If you're pregnant, you've probably been reading up on breastfeeding. That's good because being well-informed on everything about breastfeeding helps new moms overcome the struggles they might encounter. Sometimes though we get "information overload," making it hard to separate fact from fiction, so to speak.
So at the "Smart Parenting Baby Shower," last April, co-presented with Belo Baby, Kate Delos Reyes and Mish Maravilla from L.A.T.C.H. Philippines, quizzed preggy moms about their knowledge on everything about breastfeeding and dispelled myths along the way. Test if you've do know your basic nursing know-how:
1. Breastfeeding my baby is best because…
It helps my uterus shrink back faster.
It prepares my baby’s immune system against disease.
My family will have grocery savings of P4,000 per week.
All of the above.
Breastfeeding counselors say the correct answer is d. "While you breastfeed, your body releases the hormone oxytocin. Oxytocin makes your uterus cramp and shrink to its pre-pregnancy size," explained Delos Reyes and Maravilla. "It also helps expel the extra blood," they added.
Nursing also makes you burn 500 calories a day to produce the calories and nutrients for your baby. However, not all moms lose weight as fast as others.
It's widely known that breastfeeding strengthens your baby's immune system. Breastmilk has "anti-bodies, anti-virus, anti-parasites, and those will not be replicated in the factory," Delos Reyes and Maravilla said. In short, those antibodies are customized for your baby. (Click here and here to see how it looks like under a microscope.)
"When you breastfeed your baby, the contact of your baby’s saliva to your breast will send information to your brain as to what the baby has been exposed to. Your body will respond by producing the appropriate antibodies or anti-virus to fight illness."
Breastfeeding saves money, too. Buying formula costs P1,000 on average per week. You can save the money you would have spent on formula for other more enjoyable things like family trips. By breastfeeding, your baby’s risk of getting sick is lower, so you also save up on medical expenses.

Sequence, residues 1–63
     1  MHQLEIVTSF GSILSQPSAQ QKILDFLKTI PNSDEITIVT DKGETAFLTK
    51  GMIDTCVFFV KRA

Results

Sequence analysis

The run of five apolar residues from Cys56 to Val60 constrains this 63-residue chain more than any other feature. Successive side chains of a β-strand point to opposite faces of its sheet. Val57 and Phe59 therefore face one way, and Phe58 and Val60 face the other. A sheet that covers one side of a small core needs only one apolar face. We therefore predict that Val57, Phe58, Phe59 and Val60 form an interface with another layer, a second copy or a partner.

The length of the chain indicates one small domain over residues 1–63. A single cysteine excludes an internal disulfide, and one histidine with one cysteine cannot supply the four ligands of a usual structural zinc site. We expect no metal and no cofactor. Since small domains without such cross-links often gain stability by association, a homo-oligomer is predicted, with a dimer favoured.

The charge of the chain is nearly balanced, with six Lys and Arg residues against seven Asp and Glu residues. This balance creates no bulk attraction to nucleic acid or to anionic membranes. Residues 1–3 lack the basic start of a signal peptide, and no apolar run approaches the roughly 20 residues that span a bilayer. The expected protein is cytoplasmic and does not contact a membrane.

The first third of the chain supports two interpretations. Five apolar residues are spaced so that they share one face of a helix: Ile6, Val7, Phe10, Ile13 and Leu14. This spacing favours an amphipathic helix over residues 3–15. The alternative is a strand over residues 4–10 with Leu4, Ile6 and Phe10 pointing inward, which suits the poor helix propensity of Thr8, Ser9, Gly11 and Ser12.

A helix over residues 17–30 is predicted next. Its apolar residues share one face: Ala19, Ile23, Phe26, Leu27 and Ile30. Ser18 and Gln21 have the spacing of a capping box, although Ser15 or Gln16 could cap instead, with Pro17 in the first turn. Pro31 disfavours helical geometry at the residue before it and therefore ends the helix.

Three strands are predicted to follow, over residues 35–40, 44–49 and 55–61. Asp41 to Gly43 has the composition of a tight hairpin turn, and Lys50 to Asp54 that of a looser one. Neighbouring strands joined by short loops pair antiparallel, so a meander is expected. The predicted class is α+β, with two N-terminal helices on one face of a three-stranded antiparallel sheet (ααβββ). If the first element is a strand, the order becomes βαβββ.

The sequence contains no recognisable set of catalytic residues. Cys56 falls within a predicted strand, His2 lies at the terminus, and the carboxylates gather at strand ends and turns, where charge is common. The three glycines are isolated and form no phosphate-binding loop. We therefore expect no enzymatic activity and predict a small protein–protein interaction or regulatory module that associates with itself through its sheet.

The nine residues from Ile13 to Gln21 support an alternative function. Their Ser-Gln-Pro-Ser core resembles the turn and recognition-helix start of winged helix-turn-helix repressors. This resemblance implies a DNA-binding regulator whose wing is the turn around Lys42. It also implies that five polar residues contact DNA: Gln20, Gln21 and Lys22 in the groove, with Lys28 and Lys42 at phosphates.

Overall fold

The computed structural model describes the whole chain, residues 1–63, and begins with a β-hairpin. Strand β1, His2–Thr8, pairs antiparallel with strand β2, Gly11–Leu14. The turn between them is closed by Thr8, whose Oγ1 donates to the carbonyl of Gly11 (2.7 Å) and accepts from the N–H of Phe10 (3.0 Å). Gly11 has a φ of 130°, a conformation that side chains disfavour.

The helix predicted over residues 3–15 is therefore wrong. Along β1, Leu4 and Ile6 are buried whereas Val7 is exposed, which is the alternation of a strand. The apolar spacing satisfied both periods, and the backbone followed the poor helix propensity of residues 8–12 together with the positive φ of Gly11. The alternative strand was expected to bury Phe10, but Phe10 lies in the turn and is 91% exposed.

It is normal to hurt when you first start; you just have to wait for your nipples to get tough.
My baby is not latched on correctly.
My nipples are inverted.
All of the above
Breastfeeding counselors say the correct answer is b. When the baby isn’t latched on properly, "it really hurts, and it could lead to a lot of breastfeeding problems," Delos Reyes and Maravilla said. Nursing can be uncomfortable -- not painful – at first, but it’s a work in progress. Once you and your baby get used to nursing, however, it should not hurt. And, "All nipples can breastfeed even inverted or flat," they added.
Proper latch and positioning will prevent sore nipples and ensure the supply. Click here to check if your baby is latched on properly and the different basic breastfeeding positions you can try.
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3. I know my newborn baby is not getting enough milk if…
My baby seems hungry all the time and keeps crying.
My baby loses weight during the first week of life.
When I pump, I get very little milk.
None of the above
Breastfeeding counselors say the correct answer is d. According to Delos Reyes and Maravilla, a baby’s cry could be due to many other reasons. "It’s not a reliable way to determine that your baby’s not getting enough milk."
It is also normal for a baby to lose five to seven percent of their body weight in the first week of life. "When babies are inside the womb before you give birth, they have enough nutrients to survive. When they enter the world, the babies lose weight not because they don’t get enough milk from you, but because it’s normal for them to lose the water from inside of your womb."
To ensure that your baby gets enough milk, do direct breastfeeding because direct latching signals your body to produce more milk. "Pumping during the first days isn’t recommended," Delos Reyes and Maravilla said.